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A Secure Routing Protocol Against Byzantine Attacks for MANETs in Adversarial Environments

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A Secure Routing Protocol Against Byzantine Attacks for MANETs in Adversarial Environments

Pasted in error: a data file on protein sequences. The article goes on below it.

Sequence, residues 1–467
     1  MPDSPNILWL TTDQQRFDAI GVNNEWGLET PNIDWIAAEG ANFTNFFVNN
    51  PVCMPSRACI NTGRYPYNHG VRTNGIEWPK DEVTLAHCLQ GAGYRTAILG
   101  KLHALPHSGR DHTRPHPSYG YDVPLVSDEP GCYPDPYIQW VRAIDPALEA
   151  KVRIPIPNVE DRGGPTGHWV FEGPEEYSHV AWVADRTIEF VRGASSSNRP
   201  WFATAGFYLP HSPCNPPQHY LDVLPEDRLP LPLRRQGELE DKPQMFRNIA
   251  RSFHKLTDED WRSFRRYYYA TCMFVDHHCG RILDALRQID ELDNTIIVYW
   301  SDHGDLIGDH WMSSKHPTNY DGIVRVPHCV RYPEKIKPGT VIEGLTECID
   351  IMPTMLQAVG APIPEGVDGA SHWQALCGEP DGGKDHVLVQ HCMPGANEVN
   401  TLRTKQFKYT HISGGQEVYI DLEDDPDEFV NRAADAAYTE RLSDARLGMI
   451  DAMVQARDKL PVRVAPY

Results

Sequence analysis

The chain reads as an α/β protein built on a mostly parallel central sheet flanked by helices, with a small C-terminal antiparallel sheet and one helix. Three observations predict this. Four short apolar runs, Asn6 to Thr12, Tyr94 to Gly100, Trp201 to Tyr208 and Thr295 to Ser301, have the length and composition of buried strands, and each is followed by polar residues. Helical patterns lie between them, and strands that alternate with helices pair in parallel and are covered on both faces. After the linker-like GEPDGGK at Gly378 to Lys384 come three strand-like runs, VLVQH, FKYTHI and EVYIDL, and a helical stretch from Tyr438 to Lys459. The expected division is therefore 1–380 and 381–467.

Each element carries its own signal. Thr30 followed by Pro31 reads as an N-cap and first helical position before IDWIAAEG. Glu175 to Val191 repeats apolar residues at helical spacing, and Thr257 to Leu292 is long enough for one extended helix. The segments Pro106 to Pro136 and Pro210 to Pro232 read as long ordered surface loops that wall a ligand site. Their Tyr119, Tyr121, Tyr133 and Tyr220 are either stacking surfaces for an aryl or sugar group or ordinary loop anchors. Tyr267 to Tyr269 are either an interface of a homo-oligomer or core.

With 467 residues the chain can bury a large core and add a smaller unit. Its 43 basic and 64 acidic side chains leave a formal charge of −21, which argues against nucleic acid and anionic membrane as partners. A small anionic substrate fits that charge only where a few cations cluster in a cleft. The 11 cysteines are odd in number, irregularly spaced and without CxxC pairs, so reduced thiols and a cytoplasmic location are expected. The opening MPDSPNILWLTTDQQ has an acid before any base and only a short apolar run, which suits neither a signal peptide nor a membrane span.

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  IEEE TRANSACTIONS ON VEHICULAR TECHNOLOGY, VOL. 58, NO. 1, JANUARY 2009 449 A Secure Routing Protocol Against ByzantineAttacks for MANETs in Adversarial Environments Ming Yu,  Senior Member, IEEE  , Mengchu Zhou,  Fellow, IEEE  , and Wei Su,  Senior Member, IEEE   Abstract —To secure a mobile ad hoc network (MANET) inadversarial environments, a particularly challenging problem ishow to feasibly detect and defend possible attacks on routing pro-tocols, particularly internal attacks, such as a Byzantine attack.In this paper, we propose a novel algorithm that detects internalattacks by using both message and route redundancy duringroute discovery. The route-discovery messages are protected bypairwise secret keys between a source and destination and someintermediate nodes along a route established by using public keycryptographic mechanisms. We also propose an optimal routingalgorithm with routing metric combining both requirements ona node’s trustworthiness and performance. A node builds up thetrustworthiness on its neighboring nodes based on its observationson the behaviors of the neighbor nodes. Both of the proposedalgorithms can be integrated into existing routing protocols forMANETs, such as ad hoc on-demand distance vector routing(AODV) and dynamic source routing (DSR). As an example, wepresent such an integrated protocol called secure routing againstcollusion (SRAC), in which a node makes a routing decision basedonitstrustofitsneighboring nodesandtheperformance providedby them. The simulation results have demonstrated the significantadvantagesoftheproposedattackdetectionandroutingalgorithmover some known protocols.  Index Terms —Ad hoc network, mobile, routing protocol,security. I. I NTRODUCTION T HERE is an increasing need to develop and deploy highlysecure mobile ad hoc networks (MANETs), particularlyfor military tactical and other security-sensitive operations inadversarial environments. Since a MANET does not rely on afixed infrastructure, and network elements are wireless mobilenodes, they can rapidly be deployed with relatively low cost.The main challenges in assuring MANET networks are dueto the fact that a mobile link is susceptible to attacks, andnode mobility renders the networks to having a highly dy-namic topology. The attacks against routing protocols can becategorized into external and internal attacks [1]. An externalattack srcinates from a router that does not participate in the Manuscript received September 8, 2007; revised January 31, 2008 andMarch 15, 2008. First published April 18, 2008; current version publishedJanuary 16, 2009. This paper was presented in part at the IEEE InternationalConferenceon Networking (ICON), Kuala Lumpur,Malaysia, November 2005.The review of this paper was coordinated by Dr. J. Misic.M. Yu is with the Department of Electrical and Computer Engineering,Florida State University, Tallahassee, FL 32310-6046 USA (e-mail: mingyu@eng.fsu.edu).M. Zhou is with the Department of Electrical and Computer Engineering,New Jersey Institute of Technology, Newark, NJ 07102 USA (e-mail: zhou@njit.edu).W. Su is with the U.S. Army Communication Electronics ResearchDevelopment and Engineering Center, Fort Monmouth, NJ 07703 USA(e-mail: wei.su@us.army.mil).Digital Object Identifier 10.1109/TVT.2008.923683 routing process but masquerades as a trusted router. They caneither advertise false routing information or generate floods of spurious service requests, such as a denial of service (DOS)attack. An internal attack srcinates from a compromised, mis-configured, faulty, or even malicious router inside a network domain. Among the internal attacks,  Byzantine attacks  can bedefined as attacks against routing protocols, in which two ormore routers collude to drop, fabricate, modify, or misroutepackets in an attempt to disrupt the routing services.Under the framework of network security, security solu-tions can be provided in different layers of the Open SystemsInterconnection (OSI) network model. In the network layer, itis critical to provide secure routing protocols that can defendthe most possible attacks against routing, which are data androuting information tampering [2]. Ad hoc routing protocolsmust be integrated into authentication architectures, such aspublic key infrastructure (PKI) and certificate authority (CA),to achieve the security requirements including confidentiality,integrity, authentication, and nonrepudiation services [3].First, how to detect and defend internal attacks against rout-ing protocols, such as Byzantine attacks, have been a particu-larly challenging problem. The problem has often been avoidedby most secure routing protocols by assuming that the nodesshould be trusted once authenticated. This is, unfortunately, notthe case for real-world environments.Second, what kind of authentication and key managementschemes are needed to dynamically maintain a trustworthytopology and defend against malicious attacks? The securitymeasures in mobile telecommunication networks can rely on aCA or ID-based cryptosystem [4]. However, a MANET cannotuse such a CA server.Third, the existing practice in developing secure routingprotocols is by first establishing a PKI and then using cryp-tographic primitives to protect the messages exchanged inthe routing protocols. The security and routing mechanismsare separately designed to meet the conflicting requirements:security requires using intensive computations, whereas routingneeds to be efficient to properly scale [1]. Thus, the resultingprotocols may be secure but not feasible or  vice versa .Fourth, how to quantify the engineering tradeoffs betweenthe security and performance requirements? The problem hasnot well been investigated.This paper proposes a novel attack detection and defensealgorithm to solve the preceding problems for MANETs. Italso develops a secure routing protocol called secure routingagainst collusion (SRAC) to defend Byzantine attacks as wellas other internal attacks against routing protocols for MANETsin adversarial environments. 0018-9545/$25.00 © 2009 IEEE  450 IEEE TRANSACTIONS ON VEHICULAR TECHNOLOGY, VOL. 58, NO. 1, JANUARY 2009 This paper is organized as follows. Related work is reviewedin Section II. A dynamic key management scheme and an attack detection algorithm are proposed in Section III. The trustwor-thiness buildup scheme and optimal routing are developed inSection IV. The simulation results are presented in Section V.Section VI concludes this paper.II. R ELATED  W ORK The current secure routing protocols for MANETs canroughly be divided into two categories, i.e., 1) those addingsecurity mechanisms to the existing routing protocols and2) those designed to detect and defend specific attacks.In the first category, the common practice is to securethe popular on-demand routing protocols, such as ad hocon-demand distance vector routing (AODV) [5], destination-sequenced distance vector (DSDV) [6], and dynamic sourcerouting (DSR) [7], by using a security association between thesource and destination nodes such as pairwise secret keys andend-to-end authentication [4]. The resulting secure protocolsinclude Secure AODV (SAODV) [8], Ariadne [9], Secure Effi-cient Ad hoc Distance (SEAD) [10], and Authenticated Routingfor Ad hoc Networks (ARAN) [11].SAODV is a direct extension of AODV that uses a digitalsignature to sign routing messages and hash chains to securehopcounts [8], which is expensive for MANETs. Ariadne withTimed Efficient Stream Loss-tolerant Authentication (TESLA)can be considered as an extension of DSR with added securityfeatures to prevent attackers from tampering routing informa-tion and some other types of attacks such as DOS [9]. TESLAis an efficient broadcast authentication scheme, but it requiressome extent of time synchronization among the nodes in aMANET [15]. SEAD is based on DSDV and uses one-wayhash chains to authenticate hopcounts and sequence numbersof routing messages [10]. The security mechanism in SEADcan be TESLA or the shared secret keys between each pairof nodes. ARAN uses a digital signature to provide end-to-end authentication and provides node authentication, messageintegrity, and nonrepudiation services [11]. During route dis-covery, each routing message is signed by a source node andthenbroadcasttoothers.Anintermediatenodethatforwardsthemessage removes its previous hop’s certificate and signature,and then attaches its own certificate and signature. During routesetup, each message is similarly signed twice and unicast back to its source. Due to the use of a double signature, ARAN candefend from the most common attacks. As an authenticatedrouting protocol, ARAN can work with both AODV and DSR.In the second category, protecting routing traffic againstspecific attacks is their major purpose. These include Network layer Protocol with Byzantine Robustness [18] for Byzantinefailure and its extension to large data networks using hier-archical routing [19], ON-Demand Secure Byzantine Routing(ODSBR) [20], and Highly Secure and Efficient Routing(HSER) [21] for Byzantine attacks, Rushing Attack Prevention(RAP) [16] for rushing attacks, Secure Routing Protocol [14]for impersonation and replay attacks, and Leap-Frog [22] for asingle compromised node within two hops. In ODSBR, a prob-ing technique using binary search is proposed to find out faultylinks on a path and thus to detect Byzantine behaviors. The ac-cumulated path is then protected by aggregated signatures [23],which are unfortunately more expensive than the Rivest ShamirAdleman (RSA) signatures. In HSER, each packet is authenti-cated at each node by using Medium Access Control (MAC)protocols based on pairwise secret keys to detect and defendByzantine adversaries. This approach has to be improved dueto the prohibitively high computation requirement at each node.Note that ARAN is capable of defeating many identified attacksbut not the Byzantine attacks discussed in this paper.In summary, only a few protocols are capable of detecting in-ternal attacks such as Byzantine attacks by using expensive ag-gregated signatures [23] or per packet filtering [21]. In addition,without a dynamic key management mechanism, the protocolscould eventually fail after enough nodes are compromised.III. D YNAMIC  K EY  M ANAGEMENT  S CHEME AND A TTACK  D ETECTION  A LGORITHM Without losing generality, we assume that a network isequipped with several security mechanisms in different layersin addition to the network layer. For example, the applicationlayer can have some effective intrusion detection systems tomonitor anomaly behaviors that can be used to detect anddefend attacks such as DOS.In the network layer, the most possible attacks are data androuting information tampering [2]. The majority of external at-tacks against routing protocols can be prevented by simple link layer encryption and authentication. We propose to have everynode share a unique symmetric key with the source if it needs totransmit data. By applying this mechanism, the Sybil attack, themajority of selective forwarding and sinkhole attacks, and theHELLOfloodattackscanbeprevented[2].Themajorclassesof attacks not countered are internal attacks and wormhole attacks.The defense mechanism for wormhole attacks can be found in[17]. Therefore, we focus on internal attacks that are caused byauthenticated routers, such as Byzantine attacks.  A. Dynamic Key Management Scheme There are two basic key management approaches, i.e., publicand secret key-based schemes. The public key-based schemeuses a pair of public/private keys and an asymmetric algorithmsuch as RSA to establish session keys and authenticate nodes.In the latter scheme, a secret key is a symmetric key shared bytwo nodes, which is used to verify the data integrity.Although a public key management system can be fullyself-organized, the initial trust among the nodes in a network is still built by using external mechanisms. For example,Capkun  et al.  propose such a system by constructing a localcertificate repository (CR) for each node [24]. The initial con-struction starts by issuing public key certificates based on ausers’ own knowledge about other users’ public keys. Initially,there is a PKI or CA to distribute the knowledge among users.Therefore, the work in [24] is a dynamic maintenance mecha-nism in building up the certificates. Clearly, we need to assumethat there are some kind of initial trusts among the nodes. Forexample, it is usually assumed that there exist pairwise sharedsecret keys among the nodes.  YU  et al. : SECURE ROUTING PROTOCOL AGAINST BYZANTINE ATTACKS FOR MANETs 451 Fig. 1. Demonstration of message and route redundancy. Multiple secret keysare shared between a source and the intermediate nodes and the destinationnode. Multiple copies of a message are received at a destination node viadifferent routes. There are several methods to set up the shared keys:1) Bootstrap the shared keys from a PKI, which might be astrong assumption for MANETs; 2) use a key distribution cen-ter, which has a shared key with each node, to build up a sharedkey between two nodes by using the Kerberos protocol; or3) embed the shared keys in each node during its initializationbefore deployment. The third method is more practical formany MANET applications. These shared keys are then used tobootstrap the public key management system, which can createand distribute a pair of public/private keys for each node. In thispaper, we assume that each node has a unique ID or address andan initial pair of public/private keys, which can be embeddedinto each node at the initialization of the network, or created bya self-organized public key management system [24].We first define a network, as shown in Fig. 1, and thendescribe a framework of dynamic key management. Let G  = ( V  ; E  )  be a network whose vertices in  V   are nodes andwhoseedges in E   aredirectwirelesslinksamong nodes.Wede-fine for each node  x  the set  N  1 ( x ) , which contains the verticesin the network   G  that are hop-1 or direct neighbors of   x , i.e., N  1 ( x ) = { y  : ( x ; y ) ∈ E   and  y   =  x } .  (1)Similarly, we define the hop-2 neighbors of a node as follows.For each node  x ,  N  2 ( x )  contains the vertices in the network   G that are hop-2 neighbors of   x , which include neither vertices in N  1 ( x )  nor  x  itself, i.e., N  2 ( x ) = { z  : ( y ; z ) ∈ E   and  y  ∈ N  1 ( x ) ,z   =  x } .  (2)Similarly, we can define the hop- n  neighbors of   x  [ N  n ( x ) ]in terms of   N  n − 1 ( x )  if the flooding path from the source todestination has  n  links.As in the existing secure routing protocols, the initial trustamong the nodes is built into the network by using someexternal mechanisms. After that, unlike the existing securerouting protocols, our framework allows a node to build upits trust on its neighboring nodes based on its observations of their behaviors. Here, important behavior is whether a nodecorrectly routes and forwards a message to its neighbors.Initially, a node  x  has a public key  K  x, pub  that is distributedto N  1 ( x ) byusingPKIorCA.Similarly,anode y haspublickey K  y, pub  distributed to  N  1 ( y ) . Thus, for example, if   y  ∈ N  1 ( x ) and  x ∈ N  1 ( y ) , i.e.,  x  and  y  are hop-1 neighbors, then  x  canauthenticate  y  by issuing a certificate (which is a proof of   y ’sID and public key with  x ’s signature) that is signed by  x  with x ’s private key. Those who hold x ’s public key can now read thecertificate and trust the binding of   y  and its public key. Basedon the available certificate and key information, two hop-1neighboring nodes can easily establish a secret key betweenthem by using methods such as a three-way handshake [31].Our framework for dynamic key management can besummarized as follows.1) A secret key is established between the source and des-tination and some intermediate nodes along the route byusing current public key information (see Section III-B).2) Each node along the route finds out which of its directneighbors are faulty or compromised by using the estab-lished multiple keys between the source and intermediatenodes (see Section III-C).3) Each node updates its trustworthiness on each of itsneighbors by using the observed node behavior andattack-detection results (see Section IV-A).4) Each node constructs a local CR for the nodes it trusts.The certificates for those compromised nodes are imme-diately revoked. A node may expand its CR by addingnewlytrustednodesorexchangingrepositoryinformationwith its trusted neighbors.5) By combining the current CR information and existingmaintenance procedures for public key management, thenodes in the network can update public key informationor build up a self-organized PKI, as in [24].In this paper, we focus the first three steps in the followingsections.  B. Key Distribution and Node Authentication We define the notations as follows.  s  denotes the sendernode;  r  denotes the receiver node;  K  s, pub  and  K  s, pri  denotethe public and private keys of node  s , respectively;  E  ( m,K  ) denotes the public key encryption algorithm with a key  K  on message  m , where  m  =  M   + { ID f  } + S  N  , and  M   is thesrcinal message;  ID f   denotes the ID of   f  , which is the nodethat forwards the message m ; S  N   is the sequence number of themessage; and  h ( m + k )  denotes the keyed hash algorithm witha key  k  on message  m , where  +  denotes the concatenation of strings. It can be seen that any node that handles the messagehas to append its ID for nonrepudiation service. The ID isprotected together with the forwarded message.Whenever there is a need for a node to initiate a route discov-ery process, it creates pairwise shared keys with intermediatenodes, hop by hop, until it reaches the destination. First, it picksrandom number  num . Then, it signs  num  with its private keyby using a public key algorithm like RSA. After that, the routediscovery message is protected by a keyed hash MAC algorithmsuchasMD5[31].Finally,thehashvalueandsignaturecannowbe attached to the route discovery message and sent out to itsneighbors. The complete route request (RREQ) packet sent bythe node can be summarized as m + h ( m + num ) + E  ( num,K  s, pri ) .  (3)  452 IEEE TRANSACTIONS ON VEHICULAR TECHNOLOGY, VOL. 58, NO. 1, JANUARY 2009 Those who are  s ’s neighbors and have its public key are able toverify the signature and thus decrypt the key in the message.Supposethat z  ∈ N  1 ( s ) isoneof  s ’shop-1neighbors.When-ever there is a need for  s  to initiate a route discovery process, itpicks a key  k 1  at random, which will serve as the shared secretkey between  s  and  z . Then,  s  encrypts the key  k 1  by using itsneighbor’s public key  K  z, pub . After that, it encrypts the aboveencrypted key by using its own private key  K  s, pri . The resultserves as a signature for the route discovery message, which isprotected by a keyed hash MAC algorithm such as MD5. Thecomplete procedure is called Keyed MD5 [31]. The completeRREQ sent by  s  can be summarized as m q + h ( m q + k 1 )+ E  ( E  ( k 1 ,K  z, pub ) ,K  s, pri ) ,  for  z ∈ N  1 ( s ) (4)where  m q  stands for the message used in RREQ. This way,only the node that has  z ’s private key can read the key  k 1 , thereceiving node is also assured that the key and message comefrom  s , and finally, the integrity of message  m  can be verifiedby the receiving node after it decrypts the key. Then,  z  sendsback   s  a route reply (RREP) packet in a similar format m  p + h ( m  p + k 1 )+ E  ( E  ( k 1 ,K  s, pub ) ,K  z, pri ) ,  for  z ∈ N  1 ( s ) (5)where  m  p  stands for the message used in RREP. By decryptingthe message and comparing the key,  s  can authenticate  z  anddistribute a shared key to  z . Similarly,  s  establishes a sharedkey with each of its hop-1 neighbors.Suppose that  y  ∈ N  1 ( z ) .  z  can also similarly find out itshop-1 neighbors and also establishes a shared key with eachof them. For  s  to send messages to its hop-2 neighbors,i.e.,  N  2 ( s ) , for example,  y ,  s  requests  z  to forward the messageto y .In z ’shandshakingwith y , z  canpick  s ’spublickeyinsteadof a random key and send it to  y . This way,  s ’s public key canbe delivered to its hop-2 neighbors. Similarly,  s  can obtain thepublic keys of its hop-2 neighbors.By checking the acknowledgement message back from y  via  z ,  s  can find out all of its hop-2 neighbors  N  2 ( s ) .Therefore,  s  can send a message to  r ∈ N  2 ( s )  via  z  ∈ N  1 ( s ) in the following format: m 2  + h ( m 2  + k 1 ) , k 1  =:  shared key between  s  and  y  (6)where m 2  =  m + h ( m + k 2 ) + E  ( E  ( k 2 ,K  r, pub ) ,K  s, pri ) for  r ∈ N  2 ( s )  (7)where  k 2  is the shared key between  s  and its hop-2 neighbor  r .Similarly, by using the double hash and signature operations,the shared key between  s  and its hop- n  neighbors, i.e.,  k n , iscreated by  s  and distributed to  N  n ( s ) , where  n  = 2 , 3 ,... .In the above key distribution process, the same message  m has been sent to the destination multiple times and protectedby different secret keys at each time. This is what we call message redundancy . To utilize the message redundancy, theimplementation is simple: each node is required to receivemultiple copies of the same route discovery message beforesending back an acknowledgement.It is noted that receiving multiple copies, instead of thefirst copy, incurs overhead to the route discovery process. Thenumber of copies is determined by two factors. The first one issecurity, i.e., the trustworthiness of the nodes in the network.To build a route with a certain amount of trustworthiness,the destination needs to evaluate more copies in a less-trustedenvironment than in a more-trusted one. The second one is per-formance, i.e., the timeout value of the route request message.Receiving more copies means a larger value of the timeout andthus results in a higher routing latency. Therefore, an optimalvalueofthenumberofthecopiescanbefoundbytradingoffthetwo factors, which are application specific. In our simulations,the number of copies is found to be in the range of 2–4 for thecases in which 10%–40% of the nodes are malicious.It is worth pointing out that the use of digital signaturesand message redundancy may restrict the applications of theproposed key management schemes to routing protocols, as wewill analyze in Section IV-D. C. Route Discovery and Attack Detection Based on the key management mechanism, the next task is todevelop a framework for the secure discovery of the dynamicnetwork topology. The attack detection scheme is incorporatedinto topology discovery procedures.Route discovery is straightforward for a node after it de-crypts the received route discovery messages. To discover theroutes in a dynamic environment, we need to use the inherentredundancies of the routes in ad hoc networks, called  routeredundancy , which means there are multiple, possibly disjoint,routes between nodes. As long as there are sufficiently manycorrect nodes, the routing protocols should be able to discoverroutes that go around some compromised nodes. Many ad hocrouting protocols such as AODV and DSR can discover multi-ple routes. Similar methods can be adopted into our scheme todiscover multiple routes.Once the security associations between a source and desti-nation have been established, and trustworthy routes have beenidentified from source to destination, the source can simply usethe shared key to protect the data traffic sent to the destination: m + h ( m + k sd ) , where  k sd  is the key shared between thesource node  ( s )  and destination node  ( d ) .To detect internal attacks, including Byzantine attacks, weassume the following.1) Each node has a pair of public/private keys and a uniqueID. A compromised node participates in routing untildetected.2) The source and destination nodes are secured by externalsecurity agents. There is a shared key between the sourceand destination nodes.3) Each of the intermediate nodes between the source anddestination has established a shared key with the sourcenode by using the key management scheme described inSection III-B.4) There are enough uncompromised nodes in the network sothatamessagecanarriveatthedestinationviadifferentroutes.  YU  et al. : SECURE ROUTING PROTOCOL AGAINST BYZANTINE ATTACKS FOR MANETs 453 In this section, we extend our algorithm in detecting collu-sion to Byzantine attacks, in which two or more nodes colludeto drop, fabricate, modify, or misroute packets, and these nodesare consecutively located on a path [30]. 1) Detection of a Single Malicious Node:  The basic mech-anism for a node to detect misbehaving nodes is to comparethe different copies of the same message it has received viadifferent routes or at different times. The nodes along a routecan be found out by checking the aggregated node IDs that areattached to the message. When a message comes from differentintermediate nodes, it has to be decrypted by using differentshared keys.To be more specific, we assume that  z  (in Fig. 1) is acompromised node during the route discovery phase, althoughit is initially authenticated. Clearly,  z  could not tamper themessage from  s  to  y  because the message is protected with akey between s and y . Of course, z  may simply drop the messagewhen it needs to forward the message to  y . However, there areat least two copies of the same message  y  expects to receive.By comparing these copies from other neighbors,  y  is still ableto detect that  z  is faulty or compromised.Similarly,  y  can also detect other internal attacks, such asmessagefabricationcausedby z .Therefore,theattacksinitiatedby a single inside node can be detected. 2) Detection of Two Colluding Nodes:  A more challengingcase is the Byzantine attack. In our design of key managementschemes, a source has directly established a shared key witheach of its hop- n  neighbors.Suppose that both  z  and  y  are compromised and colluding.In addition, s shares a hop-1 key with z  (i.e., k 1 ,sz ), a hop-2 keywith  y  (i.e.,  k 2 ,sy ), and a hop-3 key with  x  (i.e.,  k 3 ,sx ). Duringroute discovery,  x  may receive three copies of a message  m from  s  and via different intermediate nodes  y  and  z , respec-tively, in the following formats: C  1  = m + h ( m + k 3 ,sx ) C  2  = m + h ( m + k 2 ,sy ) + h ( m + h ( m + k 2 ,sy ) + k 1 ,yx ) C  3  = m + h ( m + k 1 ,sz ) + h ( m + h ( m + k 1 ,sz ) + k 1 ,zy )+ h ( m + h ( m + k 1 ,sz ) + k 1 ,yx ) .  (8)Suppose that z  and y  are two colluding nodes. It is assumed thatthe source and destination, i.e.,  s  and  x , are trusted via someexternal mechanisms. Note that each copy of the message isverifiedbyanintermediatenodealongaroute.Asasinglenode, z  cannot tamper the message without being detected.Let us assume that z  has modified the message but y  does nottellduringitsforwarding.Afterhavingreceivedthethreecopiesfrom  s ,  x  finds the discrepancies among  C  1 ,  C  2 , and  C  3 . Notethat  C  1  directly comes from  s  and thus can be trusted;  y  cannotchange the message without being detected, and thus,  C  2  mustmatch  C  1 . Therefore,  C  3  has been modified, and  x  finds thatthere may be some compromised or faulty nodes among thenodes that forward the message, e.g.,  z  and/or  y . It can be seenfrom  C  3  that  z  may modify the message and then forwards it to y , who also gets a copy of the message directly from  s  as seenin  C  2 . If   y  reports the discrepancies of the two copies, then z  must be a compromised node. Otherwise, both  y  and  x  arecompromised and colluding nodes, although  y  does not changethe message.It is worth pointing out that a receiving node can select amessage most likely to be right among the multiple copies byusing voting algorithms or Bayesian estimation [26] or check its local CR to find out who is more trustworthy among itsneighboring nodes that forward the same message. If all theneighboring nodes are equally trustworthy, the receiving nodecan simply choose one of the copies. It can also choose a copythat comes in a route with better performance, as we will see inSection IV-B. 3) Detection of More Colluding Nodes:  Similarly, for thecase of three colluding nodes consecutively located on a route,their collusion can also be detected if there exists at least fourcopies of the message that arrives at the receiver.Generally, to not only detect the collusion of  n compromisednodes that are consecutively located on a route but also identifythese nodes, a receiver must have at least  n + 1  copies of thesame message, and one of the copies is more trusted than theothers. The copies can either go through different routes or beprotected by the shared keys in different segments of a route.In summary, the internal attacks initiated by a single com-promised node and the Byzantine attacks can be detectedwithout using expensive aggregated signatures, which are usedto protect a route from end to end.It is also noted that the trustworthiness of the source node canbe solved only via external mechanisms such as PKI by usingsuch mechanisms as key refreshing, rekeying, and revoking.We also note that the redundant use of shared keys betweena source and each intermediate and the destination node mayresult in a scalability problem. For example, if there are n nodesalong a route, then the dynamic key management scheme needsto create and distribute  ( n − 1) 2 / 2  keys to the nodes on theroute. Therefore, it is not appropriate for networks with a largenumber of low-resource nodes.IV. T RUST  M ODELING AND  O PTIMAL  R OUTING  A. Trust Modeling and Evaluation We define the trustworthiness on a node  n  by another node  x as the probability that  n  will perform a particular action ex-pected by  x , which is denoted as  T  x ( n ) , irrespective of theability to monitor or control  n . The trustworthiness can beevaluated by  x  in terms of its knowledge accumulated duringa specific operation period by using weighting average over thetrust on each category of actions, including route request, routereply, route error, and data transmission [27].We assume that during an observation period,  x  has receiveda total of  m t  message transmissions from n , among which m c ’sare found to be correct; the total number of attempted transmis-sions is m a ; and the total number of successful transmissions is m s . Then T  x ( n ) =  m c  + ǫm s m t  + ǫm a (9)where  0  < ǫ <  1  is a weighting factor that represents a ratioof the successful transmissions, which reflects the probabilitythat the link correctly works. Here, we adopt a statistical model